Monday, January 19, 2009

Eastern Europe worries about 'spring of discontent'

According to the Guardian (UK), governments across Eastern Europe are bracing for a spring filled with rowdy (and perhaps violent) public protests. People from the Baltic to Bulgaria are growing more and more angry with their governments over the local effects of the global financial crisis and, in countries like Bulgaria and Romania, energy shortages caused by the recent natural gas feud between Ukraine and Russia. Experts in the region warn that mass public demonstrations are likely in many countries in the region, a few have already occurred. Police used tear gas to break up a rally in Lithuania after protestors began tossing rocks at police, protests in Bulgaria and Latvia last week also turned violent. And, experts warn, that minority groups in these countries could find themselves the target of bias attacks as people look for ways to vent their frustration.

The countries in Eastern Europe are especially vulnerable in the current global crisis. For decades, these countries were under Communist rule (a description of life under Communism I once heard was that you were poor, but everyone else was poor, so it was ok since you were all in it together). When the Communists lost power in the 1990s, chaos tended to follow. In the past decade though life has gotten much better; governments have become democratic, the countries stable and the standard of living has improved enough so that most people can afford even a few modest creature comforts.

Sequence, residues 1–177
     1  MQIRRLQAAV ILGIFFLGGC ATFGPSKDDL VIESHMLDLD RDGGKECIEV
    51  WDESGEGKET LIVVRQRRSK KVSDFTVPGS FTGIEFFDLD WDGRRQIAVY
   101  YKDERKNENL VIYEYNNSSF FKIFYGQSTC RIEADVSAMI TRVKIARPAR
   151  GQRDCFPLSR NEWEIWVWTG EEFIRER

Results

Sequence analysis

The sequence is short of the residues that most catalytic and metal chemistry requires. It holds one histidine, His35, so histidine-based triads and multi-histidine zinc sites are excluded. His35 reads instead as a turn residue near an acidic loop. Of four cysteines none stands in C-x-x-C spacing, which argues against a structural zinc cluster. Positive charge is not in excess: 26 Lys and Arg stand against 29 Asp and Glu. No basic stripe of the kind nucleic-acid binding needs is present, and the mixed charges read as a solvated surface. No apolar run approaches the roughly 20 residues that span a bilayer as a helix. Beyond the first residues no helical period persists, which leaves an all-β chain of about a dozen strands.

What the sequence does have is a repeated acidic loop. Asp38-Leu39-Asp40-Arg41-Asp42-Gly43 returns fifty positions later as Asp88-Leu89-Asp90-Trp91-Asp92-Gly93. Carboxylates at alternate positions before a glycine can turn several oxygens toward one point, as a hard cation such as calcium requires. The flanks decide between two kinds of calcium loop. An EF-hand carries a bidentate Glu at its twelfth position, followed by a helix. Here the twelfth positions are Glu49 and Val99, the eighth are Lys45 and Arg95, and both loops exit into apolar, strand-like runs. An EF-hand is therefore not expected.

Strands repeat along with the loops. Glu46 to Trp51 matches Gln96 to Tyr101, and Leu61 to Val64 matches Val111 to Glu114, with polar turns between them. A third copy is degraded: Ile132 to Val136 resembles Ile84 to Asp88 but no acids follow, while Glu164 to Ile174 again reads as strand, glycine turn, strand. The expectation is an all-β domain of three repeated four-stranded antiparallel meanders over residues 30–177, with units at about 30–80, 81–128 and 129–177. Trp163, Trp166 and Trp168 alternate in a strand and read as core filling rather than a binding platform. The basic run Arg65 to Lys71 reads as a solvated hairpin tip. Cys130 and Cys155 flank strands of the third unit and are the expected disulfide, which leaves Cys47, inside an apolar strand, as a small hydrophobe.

At the same time though, governments across Eastern Europe promised their citizens that if they just became part of the European Union, everything would be fine - the standard of living would just keep getting better and better until even the most remote village in the mountains of Romania looked like the American suburbs they saw on satellite TV. The result is that people in many of these countries now don't have a lot of patience for rising inflation, their money falling in value, or their jobs moving out of the country (all the effects of the global financial crunch hitting these countries now). To make matters worse, the governments in some Eastern European countries also themselves believed that life would just keep getting better and better, so they didn't plan for emergencies like they face now. The Guardian describes how Estonia actually did build up a sizable reserve of money just in case there was a financial crisis like the one currently gripping the world, their neighbor Latvia, meanwhile, a country very similar to Estonia in most ways, did not. Latvia had to get an emergency loan from the International Monetary Fund of more than six billion dollars last fall just to keep their economy afloat, while so far Estonia has weathered the crisis.

It will all make for a tough spring in a lot of places in Eastern Europe.
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